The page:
The French government's plan to de-confer itself goes hand in hand with the deployment of an application whose name is no longer a secret.
While the French government believes that mobile tracing is a solution to stem the spread of the virus, the project has already caused uproar among the class of computer security experts and human rights defenders.
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On the side of the independent data management regulator (CNIL), it gives its favourable opinion for the deployment of StopCoviD. However, this notice was given under very strict conditions. This clearly reflects the Commission's mistrust of this deployment.
The Commission for Information Technology and Freedoms did not fail to raise the famous principles of respect for privacy and privacy. The condition for it to give its credit to the deployment of StopCoviD is for the government to ensure compliance with these principles."Collecting lists of people who have been visited is a strong attack, which can only be justified if necessary by the need to respond to another constitutional principle, namely the protection of health," the independent administrative authority said at the time. And in other words, the right to health in this case, will take precedence over the right to privacy for now. But the government should do its utmost to avoid overflowing.
Moreover, what was promoted was of course the anonymity of the people involved in this process. In this way, the data that will be collected will not be able to directly identify users, so their information will have to be associated with unique and temporary identifiers. The National Commission for Computer Science and Freedom also highlights the obligation for the French state to "provide adequate guarantees that are all the stronger because technologies are intrusive". Because the very nature of the data they will be collected requires it.
On the other hand, the administrative authority welcomed the principle of volunteerism that covers the use of the StopCoviD application. However, it insists on making the terms explaining this principle more explicit. In addition, those who have chosen not to install the application should not be sanctioned in any way. For example, conditioning the tests on CoviD-19, access to public transit, or issuing certificates from at the installation of the application. Above all, the commission requires the automatic deletion of all data collected once the emergency is passed except in an exceptional setting, within a very limited time frame for statistical definition or global study needs, with the obligation to make all the credentials anonymous. Beyond that, this information should be "deleted as soon as the usefulness of the application is no longer proven."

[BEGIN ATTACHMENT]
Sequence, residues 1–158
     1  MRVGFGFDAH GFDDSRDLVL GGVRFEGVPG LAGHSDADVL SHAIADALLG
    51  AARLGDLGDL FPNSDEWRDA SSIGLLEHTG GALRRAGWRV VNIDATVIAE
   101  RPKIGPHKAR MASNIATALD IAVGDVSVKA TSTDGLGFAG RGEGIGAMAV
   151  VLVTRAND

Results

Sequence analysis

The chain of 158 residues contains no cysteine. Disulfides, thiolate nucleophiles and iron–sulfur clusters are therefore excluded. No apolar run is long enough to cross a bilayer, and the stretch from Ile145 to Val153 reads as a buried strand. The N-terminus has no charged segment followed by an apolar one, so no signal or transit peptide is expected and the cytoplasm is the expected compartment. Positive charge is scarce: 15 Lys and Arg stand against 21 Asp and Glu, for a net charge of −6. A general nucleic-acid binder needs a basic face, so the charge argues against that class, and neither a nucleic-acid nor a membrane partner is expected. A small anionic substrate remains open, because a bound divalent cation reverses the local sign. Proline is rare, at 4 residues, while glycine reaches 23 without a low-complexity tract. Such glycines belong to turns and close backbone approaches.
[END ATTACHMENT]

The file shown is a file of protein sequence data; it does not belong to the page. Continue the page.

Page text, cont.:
Moreover, the administrative authority has not failed to reveal a very obvious reality. The deployment of the application alone will not be enough to manage the conference. "While this type of device can potentially help public authorities monitor and contain the COVID-19 pandemic, by complementing traditional contact search methods used to contain the spread of epidemics, it still has limitations." And these limits can clearly be envisaged. Indeed, the application must be able to be downloadable from as many app stores as possible. In addition, several users must download it and agree to use it as described.While "a significant portion of the population does not have adequate mobile equipment or may have difficulty installing and using the app," which are generally the "most vulnerable to disease" or "younger people without a phone," the CNIL explains.
Therefore, the National Commission for Information Technology and Freedoms encourages the state not to rush too much into developing this perspective. By necessarily wanting to find the easiest solution, it is clear that every effort must also be made to prevent further problems in the future.
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